WER Article Examines Microconstituent Removal in Activated Sludge Systems

June 23, 2018

WEF Resources & Efforts

Click to access the June 2018 issue of Water Environment Research.

In the June issue of Water Environment Research (WER), an open-access research article explores the best model to use when examining the fate of microconstituents in wastewater.

In the article, “General Fate Model for Microconstituents in an Activated Sludge System,” researchers discuss evaluating biodegradation models for the microconstituents 17-ethinylestradiol, bisphenol-A, and triclosan. The study identifies biotransformation as the principal removal mechanism for microconstituents and the pseudo-second-order model as the most accurate.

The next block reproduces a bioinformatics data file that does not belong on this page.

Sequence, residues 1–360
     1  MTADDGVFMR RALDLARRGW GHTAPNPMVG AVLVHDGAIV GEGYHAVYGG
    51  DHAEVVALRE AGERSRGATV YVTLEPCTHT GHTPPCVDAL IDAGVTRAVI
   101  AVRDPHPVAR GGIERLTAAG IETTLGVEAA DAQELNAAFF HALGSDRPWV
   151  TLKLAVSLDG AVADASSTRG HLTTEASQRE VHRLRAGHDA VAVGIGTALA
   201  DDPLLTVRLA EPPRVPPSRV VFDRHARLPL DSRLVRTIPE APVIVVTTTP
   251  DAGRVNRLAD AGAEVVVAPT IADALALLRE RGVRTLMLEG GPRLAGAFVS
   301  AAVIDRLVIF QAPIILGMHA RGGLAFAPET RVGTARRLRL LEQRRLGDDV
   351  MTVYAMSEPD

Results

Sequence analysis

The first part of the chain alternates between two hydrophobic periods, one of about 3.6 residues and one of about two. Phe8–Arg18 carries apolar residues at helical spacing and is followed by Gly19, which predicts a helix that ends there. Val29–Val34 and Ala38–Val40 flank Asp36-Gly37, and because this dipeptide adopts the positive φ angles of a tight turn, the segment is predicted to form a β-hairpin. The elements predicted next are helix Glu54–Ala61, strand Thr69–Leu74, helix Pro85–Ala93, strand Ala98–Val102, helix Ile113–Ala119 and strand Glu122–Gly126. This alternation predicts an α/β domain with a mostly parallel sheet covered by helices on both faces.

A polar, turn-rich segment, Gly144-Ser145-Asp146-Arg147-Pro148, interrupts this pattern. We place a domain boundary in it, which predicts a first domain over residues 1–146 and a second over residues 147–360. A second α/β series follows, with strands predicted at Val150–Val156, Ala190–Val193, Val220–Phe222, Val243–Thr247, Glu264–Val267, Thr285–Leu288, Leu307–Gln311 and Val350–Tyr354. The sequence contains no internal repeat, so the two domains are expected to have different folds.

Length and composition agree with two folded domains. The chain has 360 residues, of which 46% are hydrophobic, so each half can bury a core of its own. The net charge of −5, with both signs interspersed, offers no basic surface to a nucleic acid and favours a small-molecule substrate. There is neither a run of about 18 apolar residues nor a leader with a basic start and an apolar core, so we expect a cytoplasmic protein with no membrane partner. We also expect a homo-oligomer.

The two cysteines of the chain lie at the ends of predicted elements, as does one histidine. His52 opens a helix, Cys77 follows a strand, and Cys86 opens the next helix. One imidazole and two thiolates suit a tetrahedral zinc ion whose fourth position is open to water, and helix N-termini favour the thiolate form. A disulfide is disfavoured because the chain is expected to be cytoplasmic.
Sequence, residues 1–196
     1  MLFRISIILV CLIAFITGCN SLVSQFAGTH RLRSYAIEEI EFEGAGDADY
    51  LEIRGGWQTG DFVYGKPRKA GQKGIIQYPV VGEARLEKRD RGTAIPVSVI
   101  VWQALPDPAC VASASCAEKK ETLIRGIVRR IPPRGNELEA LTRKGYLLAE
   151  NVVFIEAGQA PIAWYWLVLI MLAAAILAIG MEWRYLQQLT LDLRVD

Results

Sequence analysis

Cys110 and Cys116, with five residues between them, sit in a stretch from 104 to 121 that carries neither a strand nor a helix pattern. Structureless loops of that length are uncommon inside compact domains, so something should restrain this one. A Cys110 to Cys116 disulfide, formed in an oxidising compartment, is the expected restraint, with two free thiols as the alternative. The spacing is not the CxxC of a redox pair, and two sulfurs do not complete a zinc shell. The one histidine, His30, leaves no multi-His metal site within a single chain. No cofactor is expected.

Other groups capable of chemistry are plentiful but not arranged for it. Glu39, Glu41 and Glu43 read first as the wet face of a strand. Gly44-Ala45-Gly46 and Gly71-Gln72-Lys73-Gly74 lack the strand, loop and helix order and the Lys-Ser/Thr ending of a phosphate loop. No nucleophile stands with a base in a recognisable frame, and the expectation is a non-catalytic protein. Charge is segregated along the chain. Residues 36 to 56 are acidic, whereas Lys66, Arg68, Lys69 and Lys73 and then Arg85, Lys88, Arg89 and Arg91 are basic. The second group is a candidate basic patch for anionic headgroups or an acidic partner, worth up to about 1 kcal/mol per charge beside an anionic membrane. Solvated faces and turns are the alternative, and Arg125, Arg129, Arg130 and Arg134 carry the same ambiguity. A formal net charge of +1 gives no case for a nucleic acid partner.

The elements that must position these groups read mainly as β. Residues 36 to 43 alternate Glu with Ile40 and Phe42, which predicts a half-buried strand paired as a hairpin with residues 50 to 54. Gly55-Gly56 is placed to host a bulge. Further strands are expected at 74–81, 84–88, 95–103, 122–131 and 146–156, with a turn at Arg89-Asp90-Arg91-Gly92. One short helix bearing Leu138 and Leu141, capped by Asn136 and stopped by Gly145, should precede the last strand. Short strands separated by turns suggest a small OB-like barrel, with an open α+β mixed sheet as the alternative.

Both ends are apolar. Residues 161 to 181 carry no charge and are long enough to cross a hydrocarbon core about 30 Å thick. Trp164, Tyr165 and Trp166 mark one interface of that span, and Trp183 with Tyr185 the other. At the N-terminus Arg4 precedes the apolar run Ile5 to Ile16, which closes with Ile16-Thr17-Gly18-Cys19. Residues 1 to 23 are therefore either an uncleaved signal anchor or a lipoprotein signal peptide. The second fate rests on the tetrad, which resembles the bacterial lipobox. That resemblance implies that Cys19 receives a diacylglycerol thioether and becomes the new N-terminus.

“In their research on microconstituent removal in activated sludge systems, Banihashemi and Droste found that the solids retention time played a major role in developing a large enough degrading population to accomplish pollutant removal,” said Tim Ellis, WER editor-in-chief. “Evaluation of the mass flux of microconstituents in the system showed that biodegradation and not adsorption was the dominant removal mechanism. The authors determined that a pseudo-second-order model best described the removal rate.”

Other papers published in this issue include

, , , ,

Comments are closed.